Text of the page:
Then-Senator Joe Biden holds up a copy of the FBI report on Anita Hill. Photo: Getty Images

Former Vice President Joe Biden joined Democrats Monday in calling on the Senate Judiciary Committee to delay a confirmation vote on Supreme Court nominee Brett Kavanaugh following recent allegations of sexual assault.

Why it matters: Biden has thrust himself into a national debate that resembles a similar event from when he presided over the confirmation of Clarence Thomas to the Supreme Court in 1991. Thomas, too, was accused of sexual assault — but by his former employee, Anita Hill.

"He believes the vote should be postponed to allow this to happen appropriately, because this is an appointment for life to the nation's highest court, and getting the decision right is more important than getting it done on a rushed timeline."
— A Biden spokesperson tells CNN

The backstory: Biden, then chairman of the Senate Judiciary Committee, has been harshly criticized for his handling of Thomas' confirmation process.

  • The all-male Senate Judiciary Committee grilled Hill, a Oklahoma University law professor, when she testified that Thomas made unwanted sexual advances toward her while working for him at the U.S. Department of Education and the Equal Employment Opportunity Commission. The committee casted doubts on her testimony, and Thomas denied the allegations.
  • Even though Biden ultimately voted against Thomas, who was confirmed to the nation’s high court, reports said he did little to defuse the intense questioning and temper in the room.

During the height of the #MeToo movement last year, Biden apologized for the way he handled the hearing:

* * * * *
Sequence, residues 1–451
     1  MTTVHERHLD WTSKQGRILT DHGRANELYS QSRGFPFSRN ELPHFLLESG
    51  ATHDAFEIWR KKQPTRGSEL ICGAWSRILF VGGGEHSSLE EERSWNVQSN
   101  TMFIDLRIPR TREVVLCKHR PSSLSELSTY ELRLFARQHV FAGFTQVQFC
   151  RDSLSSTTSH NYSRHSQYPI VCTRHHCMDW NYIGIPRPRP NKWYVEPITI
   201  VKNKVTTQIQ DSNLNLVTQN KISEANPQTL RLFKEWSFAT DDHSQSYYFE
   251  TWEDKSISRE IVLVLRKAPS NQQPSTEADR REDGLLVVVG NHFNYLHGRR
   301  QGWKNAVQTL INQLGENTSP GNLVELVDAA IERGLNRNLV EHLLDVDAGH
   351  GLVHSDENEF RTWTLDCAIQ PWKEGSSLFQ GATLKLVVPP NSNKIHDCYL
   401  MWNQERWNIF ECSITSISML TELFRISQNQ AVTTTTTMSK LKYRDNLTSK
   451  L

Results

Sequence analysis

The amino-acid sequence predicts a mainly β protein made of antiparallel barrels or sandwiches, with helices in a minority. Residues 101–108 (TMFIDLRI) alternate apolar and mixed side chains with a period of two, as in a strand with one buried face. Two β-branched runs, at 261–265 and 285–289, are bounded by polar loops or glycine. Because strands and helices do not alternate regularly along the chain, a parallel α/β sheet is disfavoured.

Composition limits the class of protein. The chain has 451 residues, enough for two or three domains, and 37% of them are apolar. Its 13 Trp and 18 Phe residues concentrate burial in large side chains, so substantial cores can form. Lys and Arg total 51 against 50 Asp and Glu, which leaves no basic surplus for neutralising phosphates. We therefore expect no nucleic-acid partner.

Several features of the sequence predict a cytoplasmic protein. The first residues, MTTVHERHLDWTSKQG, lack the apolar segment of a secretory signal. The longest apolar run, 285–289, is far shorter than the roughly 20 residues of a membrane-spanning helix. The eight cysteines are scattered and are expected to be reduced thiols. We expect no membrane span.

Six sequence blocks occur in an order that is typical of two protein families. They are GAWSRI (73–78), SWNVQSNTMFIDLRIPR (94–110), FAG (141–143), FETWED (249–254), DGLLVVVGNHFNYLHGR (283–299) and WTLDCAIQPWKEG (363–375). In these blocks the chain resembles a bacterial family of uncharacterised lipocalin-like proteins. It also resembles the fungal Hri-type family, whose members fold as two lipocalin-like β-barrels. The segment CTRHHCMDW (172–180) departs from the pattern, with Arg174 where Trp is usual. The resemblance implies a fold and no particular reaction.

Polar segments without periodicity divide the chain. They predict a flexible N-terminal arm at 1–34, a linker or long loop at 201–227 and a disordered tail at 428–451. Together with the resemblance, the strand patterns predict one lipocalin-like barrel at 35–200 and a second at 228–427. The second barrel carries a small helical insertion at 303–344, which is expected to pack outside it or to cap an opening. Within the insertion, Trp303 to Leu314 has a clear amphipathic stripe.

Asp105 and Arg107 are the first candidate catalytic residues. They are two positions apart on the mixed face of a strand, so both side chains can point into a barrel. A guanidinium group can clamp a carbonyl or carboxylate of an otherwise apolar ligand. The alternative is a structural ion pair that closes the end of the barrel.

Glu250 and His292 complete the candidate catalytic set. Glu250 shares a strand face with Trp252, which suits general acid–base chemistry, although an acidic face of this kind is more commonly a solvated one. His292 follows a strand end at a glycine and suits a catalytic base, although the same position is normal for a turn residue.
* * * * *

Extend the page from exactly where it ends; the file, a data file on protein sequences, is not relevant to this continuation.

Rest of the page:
• He told Teen Vogue: “I believed Anita Hill. My one regret is that I wasn’t able to tone down the attacks on her by some of my Republican friends. I mean, they really went after her. As much as I tried to intervene I did not have the power to gavel them out of order.”
  • Biden also said he "owes her an apology.” His team told CNN on Monday that he and Hill have not talked.

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Goldman Sachs has agreed with the Department of Justice to pay over $2 billion for the bank's role in Malaysia's multi-billion dollar scandal at state fund 1MDB, Bloomberg first reported.

Why it matters: The settlement, expected to be announced within days, would allow Goldman Sachs to avoid a criminal conviction in the U.S. over the bribery and money laundering scandal that saw three of its former bankers banned for life from the banking industry by the Federal Reserve Board.

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Trump threatens to post "60 Minutes" interview early after reportedly walking out

Trump speaks to reporters aboard Air Force One, Oct. 19. Photo: Mandel Ngan/AFP via Getty Images

President Trump tweeted on Tuesday that he was considering posting his interview with CBS' "60 Minutes" prior to airtime in order to show "what a FAKE and BIASED interview" it was, following reports that he abruptly ended the interview after 45 minutes of taping.

Why it matters: Trump has escalated his war on the media in the final stretch of his re-election campaign, calling a Reuters reporter a "criminal" this week for not reporting on corruption allegations about Hunter Biden and disparaging CNN as "dumb b*stards" for the network's ongoing coronavirus coverage.